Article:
Whole-Grain Artisan Loaf

Sometimes, the best way to spend a weekend is by doing absolutely nothing. Okay, so maybe we did go to the Diamondbacks and Giants game but the other two days were pleasantly lazy – especially Sunday. One of my favorite and most relaxing things to do is to make bread. There really is nothing better than that fresh bread smell blanketing every room and that first bite into crusty goodness J.

One of my new favorite snacks is a slice of homemade wheat bread, toasted with a dollop of ricotta and a smear of agave nectar/apple butter. YUM.

Other than running errands and pretending to watch football with the boy, this is what my Sunday amounted to.  Recipe below:

Whole-Grain Artisan Loaf:

The Ingredients:

  • 5 1/2 cups whole wheat flour
  • 2 cups unbleached all-purpose flour
  • 1 1/2 tbsp (2 packets) granulated yeast
  • 1 tbsp kosher salt (or to taste)
  • 1/4 cup vital wheat gluten
  • 4 cups lukewarm water

The Method:

1. Use dry-ingredient measuring cups (avoid 2 cup measures, which compress the flour) to gently scoop up flour, then sweep the top level with a knife or spatula. Whisk together the flours, yeast, salt and vital wheat gluten in a 5-quart bowl, or, preferably, in a resealable, lidded (not airtight) plastic food container or food-grade bucket. Lidded (or even vented) plastic buckets designed for dough storage are readily available.

2. Heat the water to slightly warmer than body temperature (about 100 degrees Fahrenheit). Add to the dry ingredients and mix without kneading, using a spoon, food processor (with dough attachment), or heavy-duty stand mixer (with paddle). You may need to get your hands wet to get the flour to incorporate if you’re not using a machine. Don’t knead! It isn’t necessary.

You’re finished when everything is uniformly moist, without dry patches. This step is done in a matter of minutes, and yields a wet dough that remains loose enough to conform to the shape of its container.

3. Cover with a lid (not airtight) or cover loosely with plastic wrap. Allow the mixture to rise at room temperature until it begins to collapse (or at least flatten on top), which will take about 2 hours. Longer rising times — even overnight — will not change the result. Fully refrigerated wet dough is less sticky and is easier to work with than dough at room temperature. So, the first time you try our method, it’s best to refrigerate the dough overnight (or at least 3 hours) before shaping a loaf.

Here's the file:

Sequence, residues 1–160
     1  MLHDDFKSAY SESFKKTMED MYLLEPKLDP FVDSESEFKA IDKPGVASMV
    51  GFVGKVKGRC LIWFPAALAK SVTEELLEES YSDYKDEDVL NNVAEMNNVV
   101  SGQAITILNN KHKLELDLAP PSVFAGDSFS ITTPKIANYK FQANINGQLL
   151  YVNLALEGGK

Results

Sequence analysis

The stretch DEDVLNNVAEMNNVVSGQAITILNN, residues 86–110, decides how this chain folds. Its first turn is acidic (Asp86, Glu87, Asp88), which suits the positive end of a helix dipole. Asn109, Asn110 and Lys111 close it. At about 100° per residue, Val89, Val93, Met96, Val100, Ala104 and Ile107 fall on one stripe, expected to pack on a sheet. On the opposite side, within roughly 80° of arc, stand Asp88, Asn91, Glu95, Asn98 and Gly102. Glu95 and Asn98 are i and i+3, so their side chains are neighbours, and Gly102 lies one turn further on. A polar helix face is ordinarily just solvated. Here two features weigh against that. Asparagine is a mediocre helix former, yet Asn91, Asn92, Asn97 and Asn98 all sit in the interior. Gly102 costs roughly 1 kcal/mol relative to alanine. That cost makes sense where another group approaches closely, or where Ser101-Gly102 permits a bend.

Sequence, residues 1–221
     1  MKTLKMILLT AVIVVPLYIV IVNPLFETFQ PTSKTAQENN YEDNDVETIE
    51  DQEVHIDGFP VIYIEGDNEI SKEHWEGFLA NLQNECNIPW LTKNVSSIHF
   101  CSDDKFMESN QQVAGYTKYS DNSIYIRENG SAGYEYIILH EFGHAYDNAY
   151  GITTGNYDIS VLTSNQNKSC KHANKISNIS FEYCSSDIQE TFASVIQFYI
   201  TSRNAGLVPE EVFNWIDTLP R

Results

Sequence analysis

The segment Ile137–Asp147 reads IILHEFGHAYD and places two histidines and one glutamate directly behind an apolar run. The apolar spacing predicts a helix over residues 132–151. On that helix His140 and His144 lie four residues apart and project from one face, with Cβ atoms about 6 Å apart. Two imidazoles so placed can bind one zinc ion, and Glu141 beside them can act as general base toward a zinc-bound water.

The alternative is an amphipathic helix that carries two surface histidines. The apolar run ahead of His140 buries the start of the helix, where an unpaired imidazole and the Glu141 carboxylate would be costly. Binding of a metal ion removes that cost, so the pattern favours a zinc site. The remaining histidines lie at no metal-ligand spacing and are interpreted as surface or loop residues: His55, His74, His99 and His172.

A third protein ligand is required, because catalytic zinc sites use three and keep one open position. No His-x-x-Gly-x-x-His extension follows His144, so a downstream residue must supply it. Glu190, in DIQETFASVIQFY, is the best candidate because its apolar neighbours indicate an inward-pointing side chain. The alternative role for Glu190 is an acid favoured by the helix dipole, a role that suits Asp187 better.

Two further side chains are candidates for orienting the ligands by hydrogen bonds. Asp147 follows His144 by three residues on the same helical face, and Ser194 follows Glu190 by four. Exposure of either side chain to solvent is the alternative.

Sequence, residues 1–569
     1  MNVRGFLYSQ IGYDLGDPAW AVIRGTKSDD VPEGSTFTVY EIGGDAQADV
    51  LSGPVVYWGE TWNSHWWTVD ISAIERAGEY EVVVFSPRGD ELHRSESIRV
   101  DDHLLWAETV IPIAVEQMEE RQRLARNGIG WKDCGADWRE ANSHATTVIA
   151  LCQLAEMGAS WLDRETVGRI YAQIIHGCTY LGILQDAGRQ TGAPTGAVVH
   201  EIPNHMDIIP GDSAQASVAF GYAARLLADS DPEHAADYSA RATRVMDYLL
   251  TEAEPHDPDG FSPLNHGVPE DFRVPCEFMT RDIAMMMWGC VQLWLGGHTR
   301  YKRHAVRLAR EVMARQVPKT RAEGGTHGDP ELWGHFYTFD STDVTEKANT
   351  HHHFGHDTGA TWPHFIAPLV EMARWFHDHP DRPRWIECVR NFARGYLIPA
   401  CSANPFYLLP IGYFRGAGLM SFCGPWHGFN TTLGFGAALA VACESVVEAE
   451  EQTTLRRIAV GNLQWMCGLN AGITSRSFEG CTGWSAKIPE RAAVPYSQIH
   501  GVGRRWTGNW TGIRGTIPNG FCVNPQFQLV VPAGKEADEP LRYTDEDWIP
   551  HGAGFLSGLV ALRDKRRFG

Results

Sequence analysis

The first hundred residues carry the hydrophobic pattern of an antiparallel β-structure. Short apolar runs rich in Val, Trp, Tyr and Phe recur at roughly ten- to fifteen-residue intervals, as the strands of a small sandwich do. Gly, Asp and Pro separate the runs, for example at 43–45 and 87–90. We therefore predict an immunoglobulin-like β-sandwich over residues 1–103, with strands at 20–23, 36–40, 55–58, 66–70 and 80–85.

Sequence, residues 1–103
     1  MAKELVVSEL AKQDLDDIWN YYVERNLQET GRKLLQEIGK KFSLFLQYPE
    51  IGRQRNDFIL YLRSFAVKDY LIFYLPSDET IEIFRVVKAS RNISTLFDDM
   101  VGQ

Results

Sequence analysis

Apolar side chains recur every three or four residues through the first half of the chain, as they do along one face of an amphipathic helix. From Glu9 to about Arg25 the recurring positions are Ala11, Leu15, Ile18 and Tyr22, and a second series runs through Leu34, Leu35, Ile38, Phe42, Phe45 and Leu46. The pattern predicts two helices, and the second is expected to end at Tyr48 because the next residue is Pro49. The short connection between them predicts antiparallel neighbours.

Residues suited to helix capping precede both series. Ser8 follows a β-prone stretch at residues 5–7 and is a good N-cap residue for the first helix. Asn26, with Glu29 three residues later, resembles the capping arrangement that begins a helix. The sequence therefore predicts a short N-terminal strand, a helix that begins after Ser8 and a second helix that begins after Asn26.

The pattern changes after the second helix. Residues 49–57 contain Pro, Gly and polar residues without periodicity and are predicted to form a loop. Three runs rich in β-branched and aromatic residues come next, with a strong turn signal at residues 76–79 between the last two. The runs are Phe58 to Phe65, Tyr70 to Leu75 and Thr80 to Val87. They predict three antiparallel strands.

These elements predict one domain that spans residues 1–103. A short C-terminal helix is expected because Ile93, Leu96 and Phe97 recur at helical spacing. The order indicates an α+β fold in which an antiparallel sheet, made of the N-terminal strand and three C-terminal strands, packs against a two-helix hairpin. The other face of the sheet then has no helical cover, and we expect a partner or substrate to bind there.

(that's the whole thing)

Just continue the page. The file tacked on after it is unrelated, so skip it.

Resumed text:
After it’s been refrigerated, the dough will seem to have shrunk back upon itself. It will never rise again in the bucket, which is normal for our dough. Whatever you do, do not punch down this dough! With our method, you’re trying to retain as much gas in the dough as possible, and punching it down knocks gas out and will make your loaves denser.

On Baking Day

4. First, prepare a pizza peel by sprinkling it liberally with cornmeal (or lining it with parchment paper or a silicone mat) to prevent your loaf from sticking to it when you slide it into the oven. Dust the surface of your refrigerated dough with flour. Pull up and cut off a 1-pound (grapefruit-size) piece of dough, using a serrated knife or kitchen shears. Hold the mass of dough in your hands and add a little more flour as needed so it won’t stick to your hands. Gently stretch the surface of the dough around to the bottom on all four sides, rotating a quarter-turn as you go to form a ball. Most of the dusting flour will fall off; it’s not intended to be incorporated into the dough. The bottom of the ball may appear to be a collection of bunched ends, but it will flatten out during resting and baking. The correctly shaped final product will be smooth and cohesive. The entire process should take no more than 20 to 40 seconds. If you work the dough longer than this, it may make your loaf too dense.

5. Stretch the ball gently to elongate it, and taper the ends by rolling them between your palms and pinching them.

6. Allow the loaf to rest — covered loosely with plastic wrap — on the pizza peel for 90 minutes (40 minutes if you’re using fresh, unrefrigerated dough).

Alternatively, you can allow the loaf to rest on a silicone mat or greased cookie sheet. Depending on the age of the dough, you may not see much rise during this period. More rising will occur during baking.